CETA in force!

CETA comes into force today, 21-Sep-2017

If you are unfa­mil­iar with CETA, the Com­pre­hen­sive Eco­nom­ic and Trade Agree­ment, this ground­break­ing trade agree­ment between Cana­da and the Euro­pean Union will be a game-chang­er for Cana­da. Until today, the actu­al date for imple­men­ta­tion of the agree­ment has been a mov­ing tar­get. There were at least two pre­vi­ous dates announced by the Cana­di­an gov­ern­ment, but each time the dates passed with­out the agree­ment com­ing into force due to issues that need­ed to be resolved.

So what does this mean for Cana­di­ans? As of today, 98% of Cana­di­an prod­ucts can now enter into the EU tar­iff-free. With­in two years, 99% of prod­ucts will be tar­iff-free. The agree­ment embod­ies much of what the EU sys­tem is based upon: Four pil­lars of free­dom are entrenched in the agree­ment.

The Four Pil­lars include the free­dom of move­ment of peo­ple, goods, ser­vices and cap­i­tal. This phi­los­o­phy has brought sig­nif­i­cant pros­per­i­ty and free­dom to Euro­pean cit­i­zens. With­in the“Schengen Area”, EU cit­i­zens can move freely across nation­al bor­ders with­out pass­ing through cus­toms, in a very sim­i­lar way to Cana­di­ans mov­ing from Province to Province. EU cit­i­zens can work in any Schen­gen coun­try with­out the need for work­ing visas or cit­i­zen­ship in the new coun­try they have cho­sen. Sim­i­lar free­doms exist for goods, ser­vices and mon­ey.

Under CETA, sim­i­lar free­doms are avail­able to Cana­di­ans, although with some restric­tions since CETA does not mean that Cana­da is now an EU Mem­ber State. Goods can flow from Cana­da to the EU, and from the EU to Cana­da with­out tar­iff restric­tions, except in some lim­it­ed cas­es. Busi­ness­es who want to set up oper­a­tions in the EU can do this with lim­it­ed restric­tions, and Cana­di­an pro­fes­sion­al work­ers can move to the EU to staff these new oper­a­tions with­out the need for restric­tive work visas. Invest­ment in EU oper­a­tions has gained pro­tec­tions through EU law so that these invest­ments are bet­ter pro­tect­ed. Cana­di­an ser­vice busi­ness­es can now pro­vide their ser­vice prod­ucts to EU cus­tomers with lit­tle restric­tion. Cana­di­an busi­ness now has free access to a mar­ket­place of 500 mil­lion new cus­tomers, near­ly 14 times larg­er than the Cana­di­an mar­ket. The EU mar­ket is worth near­ly €2.4 tril­lion in exports alone. This is an oppor­tu­ni­ty Cana­di­ans can’t afford to miss.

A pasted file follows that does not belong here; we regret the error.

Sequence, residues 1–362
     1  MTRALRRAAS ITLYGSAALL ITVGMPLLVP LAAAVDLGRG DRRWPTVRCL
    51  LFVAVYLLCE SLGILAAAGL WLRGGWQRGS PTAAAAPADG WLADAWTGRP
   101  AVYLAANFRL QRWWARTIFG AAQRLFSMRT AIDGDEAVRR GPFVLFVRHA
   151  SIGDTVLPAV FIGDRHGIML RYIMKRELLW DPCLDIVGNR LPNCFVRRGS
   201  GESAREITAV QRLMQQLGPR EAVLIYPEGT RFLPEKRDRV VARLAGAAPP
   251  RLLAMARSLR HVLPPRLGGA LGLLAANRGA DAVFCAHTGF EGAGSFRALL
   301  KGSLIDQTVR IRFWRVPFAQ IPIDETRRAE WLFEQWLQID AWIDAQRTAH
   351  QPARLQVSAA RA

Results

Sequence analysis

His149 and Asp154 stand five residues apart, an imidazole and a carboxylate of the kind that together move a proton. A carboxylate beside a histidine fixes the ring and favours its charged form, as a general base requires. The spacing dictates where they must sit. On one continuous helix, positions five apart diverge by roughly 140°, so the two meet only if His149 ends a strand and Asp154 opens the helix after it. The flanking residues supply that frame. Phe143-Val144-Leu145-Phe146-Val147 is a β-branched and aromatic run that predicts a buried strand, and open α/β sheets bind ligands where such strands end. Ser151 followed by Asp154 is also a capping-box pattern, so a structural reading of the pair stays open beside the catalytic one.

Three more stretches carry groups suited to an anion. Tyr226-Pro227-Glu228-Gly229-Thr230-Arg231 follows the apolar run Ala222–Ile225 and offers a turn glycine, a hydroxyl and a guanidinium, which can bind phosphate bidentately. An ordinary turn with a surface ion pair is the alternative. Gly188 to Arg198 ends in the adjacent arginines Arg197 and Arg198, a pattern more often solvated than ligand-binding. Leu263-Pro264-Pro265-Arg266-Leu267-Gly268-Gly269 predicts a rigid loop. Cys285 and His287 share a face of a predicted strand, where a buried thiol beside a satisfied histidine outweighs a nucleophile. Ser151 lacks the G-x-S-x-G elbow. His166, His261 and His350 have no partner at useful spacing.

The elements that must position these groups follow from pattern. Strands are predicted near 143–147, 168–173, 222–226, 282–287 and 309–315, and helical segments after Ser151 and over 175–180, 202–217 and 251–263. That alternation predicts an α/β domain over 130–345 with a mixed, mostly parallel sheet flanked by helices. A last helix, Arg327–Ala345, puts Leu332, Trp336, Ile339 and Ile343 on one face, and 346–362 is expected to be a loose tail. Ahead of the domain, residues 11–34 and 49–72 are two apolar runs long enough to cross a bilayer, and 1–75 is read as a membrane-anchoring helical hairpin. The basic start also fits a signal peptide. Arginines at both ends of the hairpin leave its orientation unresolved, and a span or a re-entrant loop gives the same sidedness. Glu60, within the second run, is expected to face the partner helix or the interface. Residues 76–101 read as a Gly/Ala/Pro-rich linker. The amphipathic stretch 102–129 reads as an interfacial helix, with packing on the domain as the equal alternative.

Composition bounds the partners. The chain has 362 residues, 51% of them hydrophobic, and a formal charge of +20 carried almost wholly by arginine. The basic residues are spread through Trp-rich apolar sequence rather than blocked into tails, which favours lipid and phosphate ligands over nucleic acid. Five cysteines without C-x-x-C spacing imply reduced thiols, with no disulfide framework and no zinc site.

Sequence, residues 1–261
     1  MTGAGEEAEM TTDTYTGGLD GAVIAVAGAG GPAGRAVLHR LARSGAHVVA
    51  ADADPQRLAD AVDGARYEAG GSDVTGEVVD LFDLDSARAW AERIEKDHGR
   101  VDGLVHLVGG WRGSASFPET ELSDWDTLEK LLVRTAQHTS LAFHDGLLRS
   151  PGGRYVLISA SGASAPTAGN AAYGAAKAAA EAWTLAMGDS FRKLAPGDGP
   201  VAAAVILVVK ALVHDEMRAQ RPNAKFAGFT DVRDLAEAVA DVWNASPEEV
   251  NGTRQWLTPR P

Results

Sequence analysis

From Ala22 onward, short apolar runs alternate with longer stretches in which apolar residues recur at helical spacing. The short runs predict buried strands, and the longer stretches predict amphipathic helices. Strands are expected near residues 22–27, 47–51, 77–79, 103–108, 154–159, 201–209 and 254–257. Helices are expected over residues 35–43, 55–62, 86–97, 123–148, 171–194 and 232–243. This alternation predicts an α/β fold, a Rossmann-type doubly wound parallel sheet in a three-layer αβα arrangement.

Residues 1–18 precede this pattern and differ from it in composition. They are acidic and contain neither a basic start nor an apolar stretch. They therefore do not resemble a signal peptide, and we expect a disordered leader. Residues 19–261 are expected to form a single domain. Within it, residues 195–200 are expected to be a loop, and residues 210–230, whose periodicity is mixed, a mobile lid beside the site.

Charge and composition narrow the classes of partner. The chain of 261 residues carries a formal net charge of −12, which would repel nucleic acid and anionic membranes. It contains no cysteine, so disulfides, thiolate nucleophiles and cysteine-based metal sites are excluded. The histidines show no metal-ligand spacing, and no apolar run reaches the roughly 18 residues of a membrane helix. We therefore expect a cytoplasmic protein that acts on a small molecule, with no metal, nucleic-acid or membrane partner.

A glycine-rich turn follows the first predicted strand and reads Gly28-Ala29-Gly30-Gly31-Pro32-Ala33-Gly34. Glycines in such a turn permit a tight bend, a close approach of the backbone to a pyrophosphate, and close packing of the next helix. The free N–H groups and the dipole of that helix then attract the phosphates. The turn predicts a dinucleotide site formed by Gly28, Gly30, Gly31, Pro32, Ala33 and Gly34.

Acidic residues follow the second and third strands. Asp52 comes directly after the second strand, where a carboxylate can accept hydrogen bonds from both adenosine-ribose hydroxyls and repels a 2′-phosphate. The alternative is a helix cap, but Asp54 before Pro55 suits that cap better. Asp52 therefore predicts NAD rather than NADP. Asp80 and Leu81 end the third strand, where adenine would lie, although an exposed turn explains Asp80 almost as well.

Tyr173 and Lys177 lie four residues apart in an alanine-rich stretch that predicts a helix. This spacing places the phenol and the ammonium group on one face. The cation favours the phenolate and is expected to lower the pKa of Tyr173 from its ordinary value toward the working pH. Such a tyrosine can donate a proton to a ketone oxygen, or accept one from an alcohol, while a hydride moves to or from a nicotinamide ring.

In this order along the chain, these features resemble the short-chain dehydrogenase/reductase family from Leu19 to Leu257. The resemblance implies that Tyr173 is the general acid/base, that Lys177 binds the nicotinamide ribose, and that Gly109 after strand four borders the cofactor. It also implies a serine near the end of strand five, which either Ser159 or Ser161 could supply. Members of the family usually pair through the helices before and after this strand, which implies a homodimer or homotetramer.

With the insta­bil­i­ty being cre­at­ed by the cur­rent US admin­is­tra­tion and the bul­ly tac­tics that are being used to force the rene­go­ti­a­tion of NAFTA, Cana­di­an busi­ness should take the oppor­tu­ni­ty pre­sent­ed to us today to turn our eyes to the EU, a union of coun­tries who are open and friend­ly to Cana­di­ans. Peo­ple who want to work with us, who want our prod­ucts and ser­vices. Many Cana­di­ans sup­port scrap­ping NAFTA if key pro­vi­sions can’t be met.

For more infor­ma­tion on CETA and what it will mean for Cana­di­ans, please see Doing Busi­ness in Europe — CETA: Cana­da and the Euro­pean Union Ush­er In a New Era of Trade.

21-Sep­tem­ber-2017 is a day to cel­e­brate. The future looks bright!

Machinery Safety Labels: 3 Top Tools for Effective Warnings

Machinery Safety Labels

The third lev­el of the Hier­ar­chy of Con­trols is Infor­ma­tion for Use. Safe­ty Labels are a key part of the Infor­ma­tion for Use pro­vid­ed by machine builders to users and are often the only infor­ma­tion that many users get to see. This makes the design and place­ment of the safe­ty labels crit­i­cal to their effec­tive­ness. There is as much risk in the under-use of safe­ty labels as there is in the over-use of safe­ty labels. Often, machine builders and users sim­ply select gener­ic labels that are eas­i­ly avail­able from cat­a­logues, miss­ing the oppor­tu­ni­ty to design labels that are spe­cif­ic to the machine and the haz­ards present.

Product Safety and Liability Limitation

If your com­pa­ny man­u­fac­tures machin­ery that has poten­tial haz­ards asso­ci­at­ed with its trans­porta­tion, instal­la­tion, use, main­te­nance, decom­mis­sion­ing and/or dis­pos­al, you like­ly have a very strong need to cre­ate effec­tive prod­uct safe­ty labels. This task must be done right: prod­uct safe­ty labels play an inte­gral role in your company’s prod­uct safe­ty and lia­bil­i­ty pre­ven­tion efforts. And that means that people’s lives and your company’s finan­cial well-being are on the line. On that note, it’s impor­tant to keep in mind these two fac­tors when it comes to effec­tive safe­ty labels:

  1. If prop­er­ly designed, they can dra­mat­i­cal­ly reduce acci­dents. This not only improves a product’s over­all safe­ty record but adds to a company’s bot­tom line by reduc­ing prod­uct lia­bil­i­ty lit­i­ga­tion and insur­ance costs.
  2. If poor­ly designed, need­ed safe­ty com­mu­ni­ca­tion does not take place and this can lead to acci­dents that cause injuries. With these acci­dents, com­pa­nies face high costs set­tling or fight­ing law­suits because their prod­ucts lacked “ade­quate warn­ings.”